Another positive aspect to selling your home at this time of year is how appealing the staging possibilities become—and with little extra effort. Your regular holiday decorations make the place festive and cheerful every year, anyway—usually little else will be needed to bring those enhancements into play for prospective buyers. Yuletide décor is automatically a kind of natural staging that brings out the cheeriest side of any home…and who doesn’t respond favorably to the scent of cookies in the oven or cider bubbling on the stove?

Along with those automatic holiday positives, owners selling their home in the western suburbs do need to be careful to avoid some built-in potential downsides. Right now the sun stays lower—even at noon—than at other times of the year, so it’s important to make the most of the light that is available. Keep rooms well-lit and window drapes pulled back to allow as much sunlight as possible. Even during daylight hours, most rooms show their best with all lamps and ceiling fixtures turned on. Fireplaces are sought-after features—and this is the best time of year to make the most of yours by keeping a cheery fire blazing.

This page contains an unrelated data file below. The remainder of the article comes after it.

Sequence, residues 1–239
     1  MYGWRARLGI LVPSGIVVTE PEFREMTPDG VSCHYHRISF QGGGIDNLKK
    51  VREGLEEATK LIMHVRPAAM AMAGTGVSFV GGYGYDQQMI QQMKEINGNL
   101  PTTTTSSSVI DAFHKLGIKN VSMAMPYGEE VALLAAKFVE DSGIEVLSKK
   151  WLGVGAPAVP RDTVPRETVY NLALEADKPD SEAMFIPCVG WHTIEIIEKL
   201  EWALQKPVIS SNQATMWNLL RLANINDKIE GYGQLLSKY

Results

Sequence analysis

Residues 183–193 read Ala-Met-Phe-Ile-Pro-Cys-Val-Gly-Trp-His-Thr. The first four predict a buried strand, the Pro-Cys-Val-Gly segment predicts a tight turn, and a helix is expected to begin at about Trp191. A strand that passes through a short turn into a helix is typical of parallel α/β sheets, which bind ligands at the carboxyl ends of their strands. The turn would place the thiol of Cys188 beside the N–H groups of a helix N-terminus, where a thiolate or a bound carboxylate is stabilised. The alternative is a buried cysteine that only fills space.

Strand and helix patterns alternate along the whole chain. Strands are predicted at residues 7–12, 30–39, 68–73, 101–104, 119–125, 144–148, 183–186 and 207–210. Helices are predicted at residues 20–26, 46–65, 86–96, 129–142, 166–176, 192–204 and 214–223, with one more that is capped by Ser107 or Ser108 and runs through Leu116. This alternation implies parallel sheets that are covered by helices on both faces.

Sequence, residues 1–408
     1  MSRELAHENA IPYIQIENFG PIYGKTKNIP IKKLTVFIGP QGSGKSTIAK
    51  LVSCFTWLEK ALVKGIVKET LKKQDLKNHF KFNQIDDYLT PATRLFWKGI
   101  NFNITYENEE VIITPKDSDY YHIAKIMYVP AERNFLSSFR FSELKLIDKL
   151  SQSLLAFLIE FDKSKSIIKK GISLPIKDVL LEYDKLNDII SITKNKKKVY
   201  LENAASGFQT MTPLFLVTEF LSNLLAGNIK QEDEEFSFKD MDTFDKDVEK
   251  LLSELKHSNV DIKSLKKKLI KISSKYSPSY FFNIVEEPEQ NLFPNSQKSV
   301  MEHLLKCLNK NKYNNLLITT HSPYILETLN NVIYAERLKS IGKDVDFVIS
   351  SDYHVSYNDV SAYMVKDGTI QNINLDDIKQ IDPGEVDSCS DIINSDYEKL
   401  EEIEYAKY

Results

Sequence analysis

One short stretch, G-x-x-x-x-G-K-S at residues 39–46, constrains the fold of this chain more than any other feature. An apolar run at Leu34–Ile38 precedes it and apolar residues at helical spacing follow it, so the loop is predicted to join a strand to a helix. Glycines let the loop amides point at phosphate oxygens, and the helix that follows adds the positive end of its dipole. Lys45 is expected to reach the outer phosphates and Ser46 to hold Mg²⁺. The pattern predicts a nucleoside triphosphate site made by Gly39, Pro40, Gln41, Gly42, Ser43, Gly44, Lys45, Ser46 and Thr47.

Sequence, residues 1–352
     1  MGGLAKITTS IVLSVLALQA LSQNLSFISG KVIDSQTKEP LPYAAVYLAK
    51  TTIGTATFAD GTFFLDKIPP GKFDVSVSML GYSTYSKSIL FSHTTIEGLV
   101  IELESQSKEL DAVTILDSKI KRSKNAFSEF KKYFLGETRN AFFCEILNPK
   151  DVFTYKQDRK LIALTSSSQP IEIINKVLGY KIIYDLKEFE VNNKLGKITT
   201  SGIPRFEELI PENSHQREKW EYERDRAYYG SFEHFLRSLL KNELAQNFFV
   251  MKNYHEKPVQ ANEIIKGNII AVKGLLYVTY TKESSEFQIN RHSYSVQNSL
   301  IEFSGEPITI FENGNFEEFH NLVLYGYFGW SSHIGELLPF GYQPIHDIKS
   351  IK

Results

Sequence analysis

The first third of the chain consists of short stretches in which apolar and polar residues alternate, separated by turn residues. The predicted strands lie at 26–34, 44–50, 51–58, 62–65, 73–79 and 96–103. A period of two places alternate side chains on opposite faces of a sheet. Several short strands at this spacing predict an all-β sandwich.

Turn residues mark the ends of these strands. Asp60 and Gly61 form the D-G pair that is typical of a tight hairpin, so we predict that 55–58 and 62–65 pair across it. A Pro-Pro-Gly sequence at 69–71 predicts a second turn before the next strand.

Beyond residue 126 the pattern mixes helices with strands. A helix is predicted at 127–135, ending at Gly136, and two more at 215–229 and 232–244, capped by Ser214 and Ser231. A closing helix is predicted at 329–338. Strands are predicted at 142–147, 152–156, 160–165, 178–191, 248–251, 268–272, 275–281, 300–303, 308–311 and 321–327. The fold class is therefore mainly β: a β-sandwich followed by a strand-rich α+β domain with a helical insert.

When you are selling your home during the holiday season you should also make the effort to keep your own schedule as flexible as you can—even more so than would ordinarily be called for. Potential buyers will have their own holiday obligations to attend to, and are often forced to jam showings into tight spaces. It can be worth it, though, when you keep in mind that holiday home shoppers are motivated prospects.

If this December and January look like opportune times to be selling your own home in town, it’s not too late to give me a call. I will be active throughout the season, helping area prospects find the home of their dreams—the home they will be making holiday memories in for many years to come!

Let us put a “Sale Agreed®” on your new home this holiday season!

You’ve decided to sell your house. You begin to interview potential real estate agents to help you through the process. You need someone you trust enough to: